This paper presents a realtime, incremental multibody visual SLAM system that allows choosing between full 3D reconstruction or simply tracking of the moving objects. Motion reconstruction of dynamic points or objects from a monocular camera is considered very hard due to well known problems of observability. We attempt to solve the problem with a Bearing only Tracking (BOT) and by integrating multiple cues to avoid observability issues. The BOT is accomplished through a particle filter, and by integrating multiple cues from the reconstruction pipeline. With the help of these cues, many real world scenarios which are considered unobservable with a monocular camera is solved to reasonable accuracy. This enables building of a unified dynamic 3D map of scenes involving multiple moving objects. Tracking and reconstruction is preceded by motion segmentation and detection which makes use of efficient geometric constraints to avoid difficult degenerate motions, where objects move in the epipolar plane. Results reported on multiple challenging real world image sequences verify the efficacy of the proposed framework.

Saturday, March 17, 2012

Lab Meeting Mar. 21, 2012 (Wang Li): Object interaction detection using hand posture cues in an office setting (IJHCS 2011)

Object interaction detection using hand posture cues in an office setting

Brandon Paulson
Danielle Cummings
Tracy Hammond


The goal of this paper is to determine if hand posture can be used as a cue to determine the types of interactions a user has with objects in a desk/office environment. Our experiments indicate that (a) hand posture can be used to determine object interaction, with accuracy rates around 97%, and (b) hand posture is dependent upon the individual user when users are allowed to interact with objects as they would naturally.

Paper Link

Tuesday, March 06, 2012

Lab Meeting March 07, 2012 (Jimmy): Hand-Grip and Body-Loss Impact on RSS Measurements for Localization of Mass Market Devices

Title: Hand-Grip and Body-Loss Impact on RSS Measurements for Localization of Mass Market Devices
Authors: Rosa, F.D.; Li Xu; Nurmi, J.; Pelosi, M.; Laoudias, C.; Terrezza, A.
In: IEEE International Conference on Localization and GNSS (ICL-GNSS), 2011

In this paper we present the effect of the hand-grip and the presence of the human body on received signal strength measurements when performing positioning of mass market devices in indoor environments. We demonstrate that the mitigation of both human body and hand-grip influence can enhance the positioning accuracy and that the human factor cannot be neglected in experimental activities with real mobile devices.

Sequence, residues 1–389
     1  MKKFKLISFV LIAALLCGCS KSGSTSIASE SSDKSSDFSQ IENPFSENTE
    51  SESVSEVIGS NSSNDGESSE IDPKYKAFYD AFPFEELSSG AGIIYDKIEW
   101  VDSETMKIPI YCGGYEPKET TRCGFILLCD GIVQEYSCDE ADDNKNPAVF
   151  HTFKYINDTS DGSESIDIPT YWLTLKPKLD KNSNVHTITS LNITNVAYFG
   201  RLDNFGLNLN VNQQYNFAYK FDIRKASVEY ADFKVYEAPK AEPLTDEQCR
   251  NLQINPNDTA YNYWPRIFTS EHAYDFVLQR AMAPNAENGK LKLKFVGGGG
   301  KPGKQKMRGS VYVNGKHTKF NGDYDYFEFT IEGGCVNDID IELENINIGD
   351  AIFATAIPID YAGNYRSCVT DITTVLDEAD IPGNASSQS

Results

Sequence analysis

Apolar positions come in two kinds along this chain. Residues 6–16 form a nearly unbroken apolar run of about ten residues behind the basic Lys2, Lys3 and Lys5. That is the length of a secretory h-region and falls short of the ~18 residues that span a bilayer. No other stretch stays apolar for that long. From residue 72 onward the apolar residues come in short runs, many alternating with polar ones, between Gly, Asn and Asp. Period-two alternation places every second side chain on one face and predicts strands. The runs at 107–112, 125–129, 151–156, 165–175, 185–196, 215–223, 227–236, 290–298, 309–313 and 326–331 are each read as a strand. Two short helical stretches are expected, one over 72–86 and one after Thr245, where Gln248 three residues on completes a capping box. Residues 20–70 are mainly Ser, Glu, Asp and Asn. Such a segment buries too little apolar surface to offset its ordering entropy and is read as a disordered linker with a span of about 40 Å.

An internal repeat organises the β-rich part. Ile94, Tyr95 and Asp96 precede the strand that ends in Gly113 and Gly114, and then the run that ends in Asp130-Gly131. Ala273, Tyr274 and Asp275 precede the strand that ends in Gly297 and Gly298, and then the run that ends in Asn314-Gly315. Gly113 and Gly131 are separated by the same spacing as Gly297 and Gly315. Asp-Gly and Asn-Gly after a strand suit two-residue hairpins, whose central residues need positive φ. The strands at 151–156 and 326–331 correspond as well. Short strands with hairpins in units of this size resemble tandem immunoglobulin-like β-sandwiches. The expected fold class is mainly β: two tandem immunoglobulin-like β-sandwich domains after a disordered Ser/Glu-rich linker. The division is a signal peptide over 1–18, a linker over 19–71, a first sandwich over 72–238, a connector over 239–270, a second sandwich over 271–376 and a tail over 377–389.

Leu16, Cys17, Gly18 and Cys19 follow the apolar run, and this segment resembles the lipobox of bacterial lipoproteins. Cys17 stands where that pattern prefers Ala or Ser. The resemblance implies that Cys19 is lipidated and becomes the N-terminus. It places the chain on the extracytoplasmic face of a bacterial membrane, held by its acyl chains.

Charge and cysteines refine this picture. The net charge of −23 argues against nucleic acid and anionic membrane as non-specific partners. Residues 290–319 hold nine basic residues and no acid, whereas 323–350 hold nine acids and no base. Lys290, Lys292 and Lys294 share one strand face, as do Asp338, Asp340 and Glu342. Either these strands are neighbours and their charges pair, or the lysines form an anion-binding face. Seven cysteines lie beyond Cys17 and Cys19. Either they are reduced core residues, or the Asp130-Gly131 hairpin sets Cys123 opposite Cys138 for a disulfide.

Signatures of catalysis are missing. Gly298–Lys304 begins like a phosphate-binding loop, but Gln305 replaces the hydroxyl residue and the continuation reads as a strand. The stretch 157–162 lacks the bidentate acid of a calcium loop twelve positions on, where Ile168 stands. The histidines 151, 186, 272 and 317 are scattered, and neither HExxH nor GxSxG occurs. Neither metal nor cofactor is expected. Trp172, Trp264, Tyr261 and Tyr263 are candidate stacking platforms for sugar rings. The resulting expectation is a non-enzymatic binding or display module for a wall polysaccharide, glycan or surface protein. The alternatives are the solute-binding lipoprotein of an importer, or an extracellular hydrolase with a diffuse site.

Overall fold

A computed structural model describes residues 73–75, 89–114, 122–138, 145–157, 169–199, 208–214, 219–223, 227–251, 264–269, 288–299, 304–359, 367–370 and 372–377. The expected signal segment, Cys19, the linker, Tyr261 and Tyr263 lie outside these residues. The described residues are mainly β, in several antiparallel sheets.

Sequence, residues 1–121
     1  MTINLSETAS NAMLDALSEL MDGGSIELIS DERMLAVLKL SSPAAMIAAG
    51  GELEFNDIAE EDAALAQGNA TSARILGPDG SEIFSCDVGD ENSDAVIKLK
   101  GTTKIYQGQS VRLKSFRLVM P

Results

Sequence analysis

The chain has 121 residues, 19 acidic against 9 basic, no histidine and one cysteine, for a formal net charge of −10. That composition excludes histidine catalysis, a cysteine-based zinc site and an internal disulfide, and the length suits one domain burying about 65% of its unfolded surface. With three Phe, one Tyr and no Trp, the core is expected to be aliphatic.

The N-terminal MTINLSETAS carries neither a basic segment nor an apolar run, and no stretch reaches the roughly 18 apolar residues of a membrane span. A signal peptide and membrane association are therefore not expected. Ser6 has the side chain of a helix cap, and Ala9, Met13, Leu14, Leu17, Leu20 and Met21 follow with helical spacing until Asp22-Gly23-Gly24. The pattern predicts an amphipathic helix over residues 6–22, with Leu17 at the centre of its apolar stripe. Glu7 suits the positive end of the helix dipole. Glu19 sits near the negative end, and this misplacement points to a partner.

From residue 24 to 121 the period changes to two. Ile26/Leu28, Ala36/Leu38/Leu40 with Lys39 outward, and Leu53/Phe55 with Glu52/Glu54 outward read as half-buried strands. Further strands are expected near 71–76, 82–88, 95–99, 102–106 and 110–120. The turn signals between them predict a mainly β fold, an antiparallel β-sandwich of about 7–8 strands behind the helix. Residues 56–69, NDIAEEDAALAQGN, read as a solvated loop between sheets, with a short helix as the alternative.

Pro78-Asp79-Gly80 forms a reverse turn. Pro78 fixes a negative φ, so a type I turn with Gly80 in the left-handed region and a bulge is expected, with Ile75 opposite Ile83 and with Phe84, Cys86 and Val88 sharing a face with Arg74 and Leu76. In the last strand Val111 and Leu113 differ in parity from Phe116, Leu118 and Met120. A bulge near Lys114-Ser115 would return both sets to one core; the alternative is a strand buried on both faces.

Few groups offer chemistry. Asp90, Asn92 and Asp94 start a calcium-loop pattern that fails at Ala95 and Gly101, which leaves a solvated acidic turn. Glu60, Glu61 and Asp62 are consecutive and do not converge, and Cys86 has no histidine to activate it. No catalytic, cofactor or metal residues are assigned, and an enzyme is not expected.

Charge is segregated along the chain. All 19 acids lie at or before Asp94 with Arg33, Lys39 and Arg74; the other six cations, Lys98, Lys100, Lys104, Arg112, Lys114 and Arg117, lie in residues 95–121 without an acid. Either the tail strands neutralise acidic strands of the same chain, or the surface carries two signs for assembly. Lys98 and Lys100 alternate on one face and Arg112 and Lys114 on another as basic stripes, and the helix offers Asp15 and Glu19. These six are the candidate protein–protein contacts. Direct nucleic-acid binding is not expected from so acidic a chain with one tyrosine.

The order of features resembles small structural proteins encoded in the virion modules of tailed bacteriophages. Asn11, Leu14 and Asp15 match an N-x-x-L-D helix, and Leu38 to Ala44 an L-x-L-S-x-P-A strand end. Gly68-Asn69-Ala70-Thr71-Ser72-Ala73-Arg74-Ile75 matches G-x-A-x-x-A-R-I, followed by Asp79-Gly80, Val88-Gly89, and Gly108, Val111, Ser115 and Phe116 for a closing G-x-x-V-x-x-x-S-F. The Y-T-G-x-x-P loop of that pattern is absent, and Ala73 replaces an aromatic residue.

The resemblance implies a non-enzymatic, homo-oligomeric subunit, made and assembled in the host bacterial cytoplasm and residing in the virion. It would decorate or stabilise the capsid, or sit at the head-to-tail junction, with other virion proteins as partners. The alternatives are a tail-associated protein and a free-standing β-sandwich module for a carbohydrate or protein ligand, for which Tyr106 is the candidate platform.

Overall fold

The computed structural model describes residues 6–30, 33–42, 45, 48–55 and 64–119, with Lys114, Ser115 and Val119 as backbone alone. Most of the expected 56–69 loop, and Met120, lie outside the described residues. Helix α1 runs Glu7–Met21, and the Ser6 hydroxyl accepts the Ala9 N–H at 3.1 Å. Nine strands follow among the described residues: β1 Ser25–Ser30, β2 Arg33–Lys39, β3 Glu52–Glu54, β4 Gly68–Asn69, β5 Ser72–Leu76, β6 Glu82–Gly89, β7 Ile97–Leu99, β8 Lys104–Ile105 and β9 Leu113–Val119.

Monday, February 27, 2012

Lab Meeting Feb. 29 (Hank): Creating Household Environment Map for Environment Manipulation Using Color Range Sensors on Environment and Robot

Authors: Yohei Kakiuchi and Ryohei Ueda and Kei Okada and Masayuki Inaba

Abstract— A humanoid robot working in a household environment with people needs to localize and continuously update the locations of obstacles and manipulable objects. Achieving such system, requires strong perception method to efficiently update the frequently changing environment.

We propose a method for mapping a household environment using multiple stereo and depth cameras located on the humanoid head and the environment. The method relies on colored 3D point cloud data computed from the sensors. We achieve robot localization by matching the point clouds from the robot sensor data directly with the environment sensor data. Object detection is performed using Iterative Closest Point (ICP) with a database of known point cloud models. In order to guarantee accurate object detection results, objects are only detected within the robot sensor data. Furthermore, we utilize the environment sensor data to map out of the obstacles as bounding convex hulls.

We show experimental results creating a household environment map with known object labels and estimate the robot position in this map.


Thursday, February 16, 2012

Lab meeting Feb 22(Chih Chung): Motion planning in urban environments (Journal of Field Robotics 2008)

Author: Dave Ferguson, Thomas M. Howard and Maxim Likhachev

We present the motion planning framework for an autonomous vehicle navigating through urban environments. Such environments present a number of motion planning challenges, including ultrareliability, high-speed operation, complex intervehicle interaction, parking in large unstructured lots, and constrained maneuvers. Our approach combines a model-predictive trajectory generation algorithm for computing dynamically feasible actions with two higher level planners for generating long-range plans in both on-road and unstructured areas of the environment. In the first part of this article, we describe the underlying trajectory generator and the on-road planning component of this system. We then describe the unstructured planning component of this system used for navigating through parking lots and recovering from anomalous on-road scenarios. Throughout, we provide examples and results from “Boss” an autonomous sport utility vehicle that has driven itself over 3,000 km and competed in, and won, the DARPA Urban Challenge.